“I’m a white lady in Seattle and my business partner is white, so it comes up: ‘Why are you guys doing this?’ It’s an automatic distrust, but they don’t know the backstory. And the backstory is that we were the very first ones to bring about the history of [the Negro Leagues] and the awareness of it.”

The current offering of The EFFA Collection is merely an initial snapshot of the vast history of women in sports. Future iterations of the line will touch other heritage, such as that of hockey and Canadian women’s rightful place in the sports pantheon. Shop The EFFA Collection here and listen to the full radio interview below for an exclusive glimpse into Ebbets’ upcoming NFL capsule.

Tee Time by Alex Young

Emerging Streetwear Companies

“Compelling visual style, backstory and feel,” that’s the blueprint for building an influential brand according to Grailed. The buy-sell marketplace app asserted this opinion in a history piece describing the “Rise of Japanese Street Culture” through the late ‘80s and in to the ‘90s in Harajuku. Essentially, the canon of streetwear fashion, the Japanese section pertaining to Hiroshi Fujiwara, Nigo and others pivotal to the scene, all created their brands and legacies in the same neighborhood making a bridge between music and fashion. The success of one boosted more opportunity and success for another. These fashion icons asserted their “loyalty to sister brands with continual collaboration and cross-pollination,” Harsh Patel wrote in a 2010 piece for Interview Magazine. Partnerships with each other drove consumers to desire every brand involved in the movement.

Japanese Street Culture: Nigo, Hiroshi Fujiwara and Jun Takahashi | New York Street Culture: A$AP Mob

Draw the parallel. Take the model to modern day Harlem with the A$AP Mob. Members of the clique seamlessly fused hip-hop and fashion. A$AP Rocky exploded, and each A$AP member has found success whether it’s music or, particularly here, fashion. Streetwear brands grew out of the A$AP Mob without inhibiting the other’s success: Disco Inferno, Marino Infantry and VLONE. Each thrives, just as the core Japanese streetwear companies founded and remain: A Bathing Ape, Neighborhood and Undercover.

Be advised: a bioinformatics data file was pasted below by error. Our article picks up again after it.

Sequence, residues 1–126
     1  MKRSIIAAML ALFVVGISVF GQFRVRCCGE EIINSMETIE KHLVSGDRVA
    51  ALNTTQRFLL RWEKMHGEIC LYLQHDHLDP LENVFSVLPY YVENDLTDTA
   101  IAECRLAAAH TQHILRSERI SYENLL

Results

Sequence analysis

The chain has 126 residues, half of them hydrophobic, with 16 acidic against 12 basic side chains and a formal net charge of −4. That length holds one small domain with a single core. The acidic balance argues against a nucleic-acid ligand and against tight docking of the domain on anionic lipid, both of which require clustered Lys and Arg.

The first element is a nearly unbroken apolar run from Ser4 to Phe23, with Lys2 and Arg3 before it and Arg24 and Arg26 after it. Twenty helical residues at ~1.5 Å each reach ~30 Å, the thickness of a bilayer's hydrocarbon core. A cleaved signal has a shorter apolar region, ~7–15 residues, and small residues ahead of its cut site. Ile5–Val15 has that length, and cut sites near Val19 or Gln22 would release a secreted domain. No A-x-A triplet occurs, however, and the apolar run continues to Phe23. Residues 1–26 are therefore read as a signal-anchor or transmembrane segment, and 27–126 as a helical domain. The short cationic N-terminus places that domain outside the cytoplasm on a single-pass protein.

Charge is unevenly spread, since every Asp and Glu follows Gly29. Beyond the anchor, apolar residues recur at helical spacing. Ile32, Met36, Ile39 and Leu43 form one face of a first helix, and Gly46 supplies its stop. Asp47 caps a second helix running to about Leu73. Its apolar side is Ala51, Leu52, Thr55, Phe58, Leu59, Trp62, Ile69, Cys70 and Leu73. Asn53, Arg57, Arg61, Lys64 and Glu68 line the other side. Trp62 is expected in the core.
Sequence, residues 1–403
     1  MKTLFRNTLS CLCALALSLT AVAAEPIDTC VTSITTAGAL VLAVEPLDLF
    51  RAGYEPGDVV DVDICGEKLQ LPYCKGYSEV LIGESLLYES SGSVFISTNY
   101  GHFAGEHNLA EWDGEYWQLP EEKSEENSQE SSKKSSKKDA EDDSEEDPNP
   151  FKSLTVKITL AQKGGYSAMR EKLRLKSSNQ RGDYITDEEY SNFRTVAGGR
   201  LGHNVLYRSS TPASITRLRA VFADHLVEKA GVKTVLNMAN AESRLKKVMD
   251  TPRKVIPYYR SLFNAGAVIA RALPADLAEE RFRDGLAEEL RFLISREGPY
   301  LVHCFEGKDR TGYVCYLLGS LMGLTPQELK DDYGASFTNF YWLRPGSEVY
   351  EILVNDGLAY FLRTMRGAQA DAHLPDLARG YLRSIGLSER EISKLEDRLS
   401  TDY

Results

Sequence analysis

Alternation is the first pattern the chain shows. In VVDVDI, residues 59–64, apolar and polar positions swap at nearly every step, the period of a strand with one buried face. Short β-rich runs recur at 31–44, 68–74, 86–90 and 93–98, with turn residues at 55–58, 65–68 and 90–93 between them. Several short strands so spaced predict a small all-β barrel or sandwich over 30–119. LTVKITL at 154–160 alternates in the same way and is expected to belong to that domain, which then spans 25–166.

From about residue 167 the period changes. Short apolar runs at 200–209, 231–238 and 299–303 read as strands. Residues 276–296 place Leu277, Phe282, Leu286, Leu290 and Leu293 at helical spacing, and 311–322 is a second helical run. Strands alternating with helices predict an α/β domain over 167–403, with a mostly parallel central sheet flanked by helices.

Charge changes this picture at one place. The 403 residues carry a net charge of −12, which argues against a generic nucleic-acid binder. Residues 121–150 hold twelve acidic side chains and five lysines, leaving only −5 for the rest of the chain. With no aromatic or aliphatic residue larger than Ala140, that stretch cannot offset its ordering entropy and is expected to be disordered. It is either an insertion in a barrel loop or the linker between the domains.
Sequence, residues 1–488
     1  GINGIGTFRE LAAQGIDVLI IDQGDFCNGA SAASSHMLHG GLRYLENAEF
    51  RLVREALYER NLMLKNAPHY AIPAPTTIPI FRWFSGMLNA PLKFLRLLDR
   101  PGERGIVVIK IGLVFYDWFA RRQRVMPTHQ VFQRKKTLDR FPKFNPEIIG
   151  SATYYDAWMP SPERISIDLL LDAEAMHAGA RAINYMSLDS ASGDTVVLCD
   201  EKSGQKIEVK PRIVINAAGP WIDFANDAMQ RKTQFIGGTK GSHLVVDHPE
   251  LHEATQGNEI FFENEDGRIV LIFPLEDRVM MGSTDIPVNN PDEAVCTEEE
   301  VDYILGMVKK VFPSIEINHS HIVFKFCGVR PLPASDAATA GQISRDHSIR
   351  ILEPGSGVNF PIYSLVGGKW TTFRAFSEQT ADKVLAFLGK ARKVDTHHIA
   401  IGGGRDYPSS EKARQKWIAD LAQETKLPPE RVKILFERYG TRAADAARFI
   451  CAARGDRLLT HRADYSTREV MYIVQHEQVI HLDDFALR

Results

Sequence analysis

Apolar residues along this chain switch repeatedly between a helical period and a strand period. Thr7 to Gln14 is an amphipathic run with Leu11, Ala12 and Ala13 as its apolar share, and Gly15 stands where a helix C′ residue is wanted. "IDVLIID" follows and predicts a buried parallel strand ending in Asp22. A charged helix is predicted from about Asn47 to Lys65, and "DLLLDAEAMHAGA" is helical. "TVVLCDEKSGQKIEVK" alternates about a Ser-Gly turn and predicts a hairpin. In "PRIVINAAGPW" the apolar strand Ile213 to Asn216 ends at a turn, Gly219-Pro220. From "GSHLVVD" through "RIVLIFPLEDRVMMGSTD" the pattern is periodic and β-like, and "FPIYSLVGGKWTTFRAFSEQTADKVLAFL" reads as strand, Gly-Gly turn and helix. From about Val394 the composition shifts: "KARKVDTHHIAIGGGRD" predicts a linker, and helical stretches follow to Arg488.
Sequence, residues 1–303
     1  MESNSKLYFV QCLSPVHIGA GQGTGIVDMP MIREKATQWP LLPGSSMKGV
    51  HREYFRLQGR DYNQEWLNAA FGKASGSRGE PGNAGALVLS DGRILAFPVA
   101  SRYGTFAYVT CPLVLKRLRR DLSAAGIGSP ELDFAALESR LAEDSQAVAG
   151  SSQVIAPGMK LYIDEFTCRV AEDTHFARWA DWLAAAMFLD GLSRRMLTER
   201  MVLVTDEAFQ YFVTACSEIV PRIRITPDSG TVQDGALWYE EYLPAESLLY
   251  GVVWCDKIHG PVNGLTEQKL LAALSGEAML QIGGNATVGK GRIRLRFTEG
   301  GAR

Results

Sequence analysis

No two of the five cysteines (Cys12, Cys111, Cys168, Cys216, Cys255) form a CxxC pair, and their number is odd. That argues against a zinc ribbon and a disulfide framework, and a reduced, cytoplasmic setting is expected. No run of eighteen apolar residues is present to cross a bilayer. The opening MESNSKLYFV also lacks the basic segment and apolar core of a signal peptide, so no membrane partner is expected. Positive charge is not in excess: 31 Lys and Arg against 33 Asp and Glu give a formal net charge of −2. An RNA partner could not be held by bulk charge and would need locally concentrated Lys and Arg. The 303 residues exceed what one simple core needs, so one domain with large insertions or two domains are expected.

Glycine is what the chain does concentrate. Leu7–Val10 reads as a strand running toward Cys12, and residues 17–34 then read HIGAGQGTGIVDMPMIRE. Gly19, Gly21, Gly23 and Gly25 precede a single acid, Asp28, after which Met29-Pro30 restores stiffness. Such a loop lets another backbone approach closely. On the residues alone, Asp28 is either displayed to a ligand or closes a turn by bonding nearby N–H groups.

This style, camaraderie and entrepreneurship is a global culture practiced by many artists. As it happened in Japan and New York, it occurs now in Pittsburgh.

Top row:  SOSIMO  &  HeatKlub  | Bottom Row: SOSIMO x  Haven  &  Elisa Jones  | Middle: Ivan Rodriguez, Sakony Burton &  Tyler Calpin  on  Désir  hoodies

Top row: SOSIMO & HeatKlub | Bottom Row: SOSIMO x Haven & Elisa Jones | Middle: Ivan Rodriguez, Sakony Burton & Tyler Calpin on Désir hoodies

There’s a crew inhabiting and working at Social Status, using the welcoming streetwear boutique as a meeting spot to build ideas with each other and talk about the culture in a relevant establishment. Ivan Rodriguez and Tyler Calpin, while they are sales associates at Social Status, they use the store’s customer influx to build a network helping grow their personal brands, SOSIMO for Rodriguez and Calpin’s eponymous brand. With them, David Cole, Geechi P, Sakony Burton and Tutu feed off the Social Status energy, as well as their relationships with each other, which has created a budding streetwear community. Cole operates Elisa Jones, Geechi P has Haven, Burton runs Désir, and Tutu supplies graphic designs to Elisa Jones, Haven and his own project HeatKlub. Calpin spends time with all of them working in Social Status’ Downtown, Pittsburgh location where Cole frequents and the East Liberty location where Rodriguez works. Calpin adds compelling visuals and cool documentation to SOSIMO, Elisa Jones and HeatKlub, or companionship and advice to Burton. Burton and Rodriguez influence each other. “If it wasn’t for him [Ivan Rodriguez], I wouldn’t be doing what I’m doing right now, and to some degree, if it wasn’t for me, he wouldn’t be doing what he’s doing right now,” Burton said.

triumverate 2.png

Calpin and Cole were the ones to draw comparisons from Japanese and New York street cultures to the current situation in The ‘Burgh. Each of the brands could eat "as long as you touch people,” Cole said during his upcoming InTheRough interview at Social Status Downtown. “We all could help each other take our moms out the hood.”

Aris Tatalovich Eyelet T-shirt by Alex Young

Product photo via  Instagram

Product photo via Instagram

Design, screen-print, cut and sew, Aris Tatalovich has the tools to keep his brand in-house.

Recently, 19-year-old Tatalovich made waves with his Sticky Note Cardholder. The wallet, made from handcrafted Italian leather, featured three individual Post-it note style cardholders that connected with Velcro. The concept and execution flexed the designer’s ingenuity.

People just want to cop and be on it because there’s a certain stigma around it. I guess that’s where people differentiate. Like people would rather have that and don’t care about quality and better product and just rather have hype. But I’m trying to change that, I guess, and make people focused on I have better quality, better product, better ideas, better concepts, everything better just no hype… I have taste is what I’m saying.
— Aris Tatalovich during his episode of the Non Disclosure Agreement Podcast